Tuesday, March 13, 2012

Sincerity on the Internet

I spend a fair portion of my time reading, writing, thinking about writing, and talking about writing with other people.

As often as I spend talking about writing, I must spend half that time talking about often I wish I'd had thoughts of half the quality of Joe Posnanski's stray ideas. Go read his post and, if you're interested, read the article he's linked to, then come back here. I'll wait.

Who wants to expose their hearts on the Internet? Who wants to admit -- except in some deeply ironic way -- that they really and truly like something? Who wants to lay bare their enthusiasm, open it up to the boots of cynics and skeptics and snarkers? Much better to start a "Fire Rex Ryan" Web site … or poke fun at Yuni Betancourt.
I think this is the really cool thing about little kids: They don't know enough yet to be cynical or overprotective.
I'm not really big on enthusiasm. I'm a jerk, I'm cruel, and I think everything is stupid. But I can wish for sincerity. I think a part of why we (I) spend so much time pouring over our culture is because we keep trying to understand ourselves better, with a wrongheaded idea that understanding can bring back some of that child dancing at Disneyland enthusiasm for life.

I'm not sure wonder works that way. I look at authors or actors or politicians, and I see the same person over and over: a person performing for me a charade of the person they think I want to see. (I think that freedom from that kind of character performance might be a part of why I love baseball so much, and why the steroid scandal hurts so much, but that's a thought for another time). We have become (as a society) so good at parsing layers of meaning that we can't believe sincerity.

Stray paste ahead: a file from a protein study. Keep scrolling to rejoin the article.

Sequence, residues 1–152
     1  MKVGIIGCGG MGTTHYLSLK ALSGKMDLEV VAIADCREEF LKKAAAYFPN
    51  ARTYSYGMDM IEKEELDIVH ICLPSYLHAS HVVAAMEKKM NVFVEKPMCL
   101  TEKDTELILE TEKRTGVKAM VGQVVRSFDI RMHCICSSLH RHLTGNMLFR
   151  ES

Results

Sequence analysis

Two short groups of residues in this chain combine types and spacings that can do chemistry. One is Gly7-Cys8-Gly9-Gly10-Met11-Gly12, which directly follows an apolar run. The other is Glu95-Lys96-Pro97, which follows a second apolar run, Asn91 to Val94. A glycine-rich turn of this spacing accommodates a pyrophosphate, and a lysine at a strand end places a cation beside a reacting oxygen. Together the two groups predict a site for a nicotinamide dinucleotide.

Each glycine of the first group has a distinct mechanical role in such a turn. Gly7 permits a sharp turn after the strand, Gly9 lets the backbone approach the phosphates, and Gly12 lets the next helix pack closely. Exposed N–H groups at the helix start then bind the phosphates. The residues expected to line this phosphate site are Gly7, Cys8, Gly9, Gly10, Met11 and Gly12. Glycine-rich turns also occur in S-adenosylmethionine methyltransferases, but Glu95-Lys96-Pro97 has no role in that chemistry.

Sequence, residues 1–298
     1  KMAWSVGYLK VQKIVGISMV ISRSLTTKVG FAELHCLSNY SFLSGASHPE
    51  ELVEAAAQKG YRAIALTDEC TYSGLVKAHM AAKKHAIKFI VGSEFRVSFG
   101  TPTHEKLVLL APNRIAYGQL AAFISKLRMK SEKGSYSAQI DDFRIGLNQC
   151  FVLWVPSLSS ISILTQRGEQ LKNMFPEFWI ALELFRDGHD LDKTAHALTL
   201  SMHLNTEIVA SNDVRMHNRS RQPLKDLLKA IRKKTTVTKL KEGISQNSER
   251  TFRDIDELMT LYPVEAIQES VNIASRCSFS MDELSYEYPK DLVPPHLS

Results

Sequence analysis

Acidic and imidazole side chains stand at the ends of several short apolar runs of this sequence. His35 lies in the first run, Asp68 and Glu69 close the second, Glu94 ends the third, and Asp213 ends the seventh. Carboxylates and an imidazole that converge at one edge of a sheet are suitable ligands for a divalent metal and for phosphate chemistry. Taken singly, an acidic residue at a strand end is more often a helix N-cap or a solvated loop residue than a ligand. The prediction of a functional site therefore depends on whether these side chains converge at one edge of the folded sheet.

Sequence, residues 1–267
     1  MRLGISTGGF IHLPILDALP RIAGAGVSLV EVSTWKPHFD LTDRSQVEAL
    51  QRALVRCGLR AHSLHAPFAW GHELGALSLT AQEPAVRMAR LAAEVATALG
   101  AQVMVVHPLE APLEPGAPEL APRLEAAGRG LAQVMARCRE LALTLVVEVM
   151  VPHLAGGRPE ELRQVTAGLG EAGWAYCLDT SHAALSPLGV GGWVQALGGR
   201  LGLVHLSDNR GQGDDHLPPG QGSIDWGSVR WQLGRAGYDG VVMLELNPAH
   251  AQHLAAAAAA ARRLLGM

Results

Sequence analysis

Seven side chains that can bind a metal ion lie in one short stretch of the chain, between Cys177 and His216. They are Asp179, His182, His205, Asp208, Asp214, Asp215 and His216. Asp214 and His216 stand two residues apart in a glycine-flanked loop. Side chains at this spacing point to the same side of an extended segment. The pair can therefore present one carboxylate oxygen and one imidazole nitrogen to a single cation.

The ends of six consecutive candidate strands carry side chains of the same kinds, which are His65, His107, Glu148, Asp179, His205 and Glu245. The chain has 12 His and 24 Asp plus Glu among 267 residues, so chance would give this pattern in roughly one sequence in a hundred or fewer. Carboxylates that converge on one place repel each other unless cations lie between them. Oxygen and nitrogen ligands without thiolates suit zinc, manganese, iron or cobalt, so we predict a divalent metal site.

Maybe none of this is a new thought. But it can't be healthy to live in a world were we feel it's impossible to be genuine because the risk of someone else laughing would hurt too much, or where we can't afford to allow someone the chance to get a leg up in whatever rat race we're running because they've seen our soft spot.

So a little sincerity: I admire so much of what Joe Posnanski writes. I'm going to try to be like him when I grow up (see? I made that last bit ironic because it feels safer).

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